Common toilet behaviours that can lead to pelvic floor dysfunction

Leaking urine and stool is an epidemic nobody talks about. Most pregnant women, new moms, and older women leak. So, do the men. 

I have come across children as well as young men and women suffering from urinary incontinence (the medical term for leaking urine) due to their diets, sedentary lifestyles, and toilet behaviours. 

These behaviours damage the ‘deep’ muscles in our bodies like the core and the pelvic floor which supports organs like the bowel, bladder, and vagina in our undercarriage.

Today, I want to talk about how your dysfunctional toilet behaviours may actually be damaging your pelvic floor muscles inadvertently and leading to pelvic floor problems causing pelvic pain, incontinence, prolapse of pelvic organs, and painful and unsatisfactory sex. 

And what I mean by toilet behaviour is what you do when you need to go to the loo and then what you do while you are inside it.

Here are a few common bathroom mistakes that are linked to weakening of your pelvic floor:

1.    Bad toileting posture 

The right toileting posture is one that doesn’t extend and hurt the pelvic floor muscles. But not many of us know that the design of our modern toilets is doing just that. 

You are sitting on a toilet seat now instead of squatting on it, as we did just a few decades back. 

This toileting posture has a great role to play in causing pelvic floor dysfunction because of our anatomy which is designed in such a way that if you squat to clear both your bowel and bladder, there is less impact on your pelvic floor.

What modern toilets do is not allow the pelvic floor muscles which are also responsible for urination or defaecation, to fully relax.  And you aggravate the stress on your pelvic floor by straining or pushing when you are unable to fully void. 

This pushing down on the pelvic floor can cause various problems like pelvic floor weakness which can lead to a pelvic organ relapse after childbirth or post-menopause and many other problems. 

One of the easiest things you can do to help your pelvic floor health is to use an Indian toilet while voiding. This will ensure that your pelvic floor is relaxed and doesn’t get damaged.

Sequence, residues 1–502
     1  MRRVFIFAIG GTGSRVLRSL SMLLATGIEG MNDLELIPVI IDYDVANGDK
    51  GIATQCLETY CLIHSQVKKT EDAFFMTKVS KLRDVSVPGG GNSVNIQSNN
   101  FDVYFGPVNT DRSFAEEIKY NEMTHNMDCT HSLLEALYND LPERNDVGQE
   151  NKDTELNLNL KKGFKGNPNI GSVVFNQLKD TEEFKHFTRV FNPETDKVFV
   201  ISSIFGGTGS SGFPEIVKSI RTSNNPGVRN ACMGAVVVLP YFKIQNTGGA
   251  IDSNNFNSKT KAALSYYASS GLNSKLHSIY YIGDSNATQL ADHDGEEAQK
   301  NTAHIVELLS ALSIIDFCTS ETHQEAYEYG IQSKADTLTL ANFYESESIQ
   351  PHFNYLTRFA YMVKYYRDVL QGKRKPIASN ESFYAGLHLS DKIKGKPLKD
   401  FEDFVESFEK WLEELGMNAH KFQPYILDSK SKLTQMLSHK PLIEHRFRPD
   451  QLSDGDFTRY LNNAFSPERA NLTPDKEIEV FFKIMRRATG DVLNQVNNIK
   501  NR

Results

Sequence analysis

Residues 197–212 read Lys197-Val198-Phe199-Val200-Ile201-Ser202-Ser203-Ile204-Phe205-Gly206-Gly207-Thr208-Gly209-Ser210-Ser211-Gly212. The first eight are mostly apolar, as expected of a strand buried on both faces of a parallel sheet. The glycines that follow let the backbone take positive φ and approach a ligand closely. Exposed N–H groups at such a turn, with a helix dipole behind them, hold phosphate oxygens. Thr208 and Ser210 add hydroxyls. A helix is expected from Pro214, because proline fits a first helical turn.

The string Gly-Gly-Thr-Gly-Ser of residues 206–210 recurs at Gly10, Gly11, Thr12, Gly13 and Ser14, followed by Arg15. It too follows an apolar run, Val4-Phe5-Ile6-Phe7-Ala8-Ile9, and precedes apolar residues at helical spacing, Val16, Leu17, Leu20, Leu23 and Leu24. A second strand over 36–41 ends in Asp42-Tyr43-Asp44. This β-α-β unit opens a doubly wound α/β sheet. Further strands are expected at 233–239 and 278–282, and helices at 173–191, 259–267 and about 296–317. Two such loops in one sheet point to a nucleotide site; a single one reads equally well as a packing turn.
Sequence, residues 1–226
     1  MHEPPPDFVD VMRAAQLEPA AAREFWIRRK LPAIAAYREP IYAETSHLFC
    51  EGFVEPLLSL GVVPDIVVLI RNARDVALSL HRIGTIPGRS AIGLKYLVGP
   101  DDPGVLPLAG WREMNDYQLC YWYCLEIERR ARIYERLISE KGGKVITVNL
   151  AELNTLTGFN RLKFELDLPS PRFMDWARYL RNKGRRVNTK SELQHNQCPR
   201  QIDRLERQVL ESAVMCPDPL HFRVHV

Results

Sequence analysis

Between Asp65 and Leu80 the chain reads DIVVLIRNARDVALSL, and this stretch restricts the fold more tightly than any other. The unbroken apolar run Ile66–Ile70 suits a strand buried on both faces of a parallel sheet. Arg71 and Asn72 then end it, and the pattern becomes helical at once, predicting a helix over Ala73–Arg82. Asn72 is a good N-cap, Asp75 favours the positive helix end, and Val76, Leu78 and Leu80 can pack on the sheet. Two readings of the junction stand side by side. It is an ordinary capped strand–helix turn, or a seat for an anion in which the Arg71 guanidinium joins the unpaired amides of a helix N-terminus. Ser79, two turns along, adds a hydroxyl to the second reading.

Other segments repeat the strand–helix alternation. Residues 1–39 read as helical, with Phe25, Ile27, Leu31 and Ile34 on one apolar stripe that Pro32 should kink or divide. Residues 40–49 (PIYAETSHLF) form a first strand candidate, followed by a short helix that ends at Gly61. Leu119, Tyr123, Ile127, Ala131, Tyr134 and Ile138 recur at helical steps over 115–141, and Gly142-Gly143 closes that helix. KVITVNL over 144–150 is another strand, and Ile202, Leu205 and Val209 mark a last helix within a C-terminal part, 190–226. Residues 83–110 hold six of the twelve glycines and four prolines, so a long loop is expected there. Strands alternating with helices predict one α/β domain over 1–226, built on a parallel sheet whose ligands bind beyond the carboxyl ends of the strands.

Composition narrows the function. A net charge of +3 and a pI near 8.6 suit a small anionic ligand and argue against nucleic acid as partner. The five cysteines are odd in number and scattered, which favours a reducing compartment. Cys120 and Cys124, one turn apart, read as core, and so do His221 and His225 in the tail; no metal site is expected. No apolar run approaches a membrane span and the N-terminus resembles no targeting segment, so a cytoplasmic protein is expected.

If using an Indian toilet is not an option, then you can lean forward with your elbows on your knees while sitting on the toilet. This will help to increase hip flexion, similar to a squat position. You can also elevate your feet by using a stool as this will be close to achieving a squatting position to relax the pelvic floor. 

Also, relax your belly and let it bulge out slightly while sitting on the toilet seat as this helps to lengthen the pelvic floor muscles.  

2.    Delaying it for long

Not going to the toilet for hours is bad for your pelvic floor health. This also predisposes you to UTIs. What happens when you hold –in urine for long is that you stretch the bladder because of the pee it has to store.

This leads to what is called an atonic bladder, a bladder that lacks tone. An atonic bladder is not able to store and empty the pee efficiently, and it also weakens your pelvic floor which has to work harder to support a heavier bladder.

Remember, a normal voiding schedule is every two to four hours so do try to accommodate a visit to the restroom after this time. And I can assure that your older self will thank me for this advice.

3. Not sitting down on the toilet seat but hovering over it 

This is such a common problem, especially when you are forced to use a public loo. The toilet seat is dirty and you take the easy way out and hover over the seat while you do the act.

But what this does is tightens your pelvic floor and increases chances of a dysfunction. Your pelvic floor should be relaxed while you are peeing or pooping and by hovering you are withholding adequate relaxation of pelvic floor muscles which means other muscle groups have to chip in to hold you up. 

A tight pelvic floor also means that your bladder and bowel don't fully empty which leads to a host of issues like urgency that means you almost always feel an urge to pee but can’t empty your bladder when you visit the restroom.

Similarly, if you can’t empty your bowels completely, there will be a faecal buildup in your colon which can cause many diseases including cancer as numerous studies have proved.  

4. Bearing or pushing down to initiate or complete urination 

Your pelvic floor muscles stretch and strain while you push down and strain on the toilet seat. And this weakens the pelvic floor.

So, take your time in the restroom and if you suffer from chronic constipation, remember, you are letting your pelvic floor down. Just do something about it.

5. Not allowing the stream of urine to stop

Allowing time for full bladder emptying is crucial if you want to avoid infections, urgency, incontinence and prolapse. 

6. Going to the toilet before you truly need to 

The “just-in-case” or preventive voiding really affects pelvic health. My mother used to do it a lot and she forced us to do it too. “C’mon- off you go to the toilet as there will be no clean toilets in the mall,” she would say. And, there we were straining and pushing on the toilet seat and hurting ourselves. 

This habit also trains your bladder to hold only small volumes of pee. This means that you will get the urge to urinate when the bladder is only filled with a small amount of urine- something called an overactive bladder. To avoid this, simply wait to use the bathroom until you truly need to!

Follow the above tips and enjoy pelvic floor health (almost) forever. All the best!

About the Author

Shikha Gandhi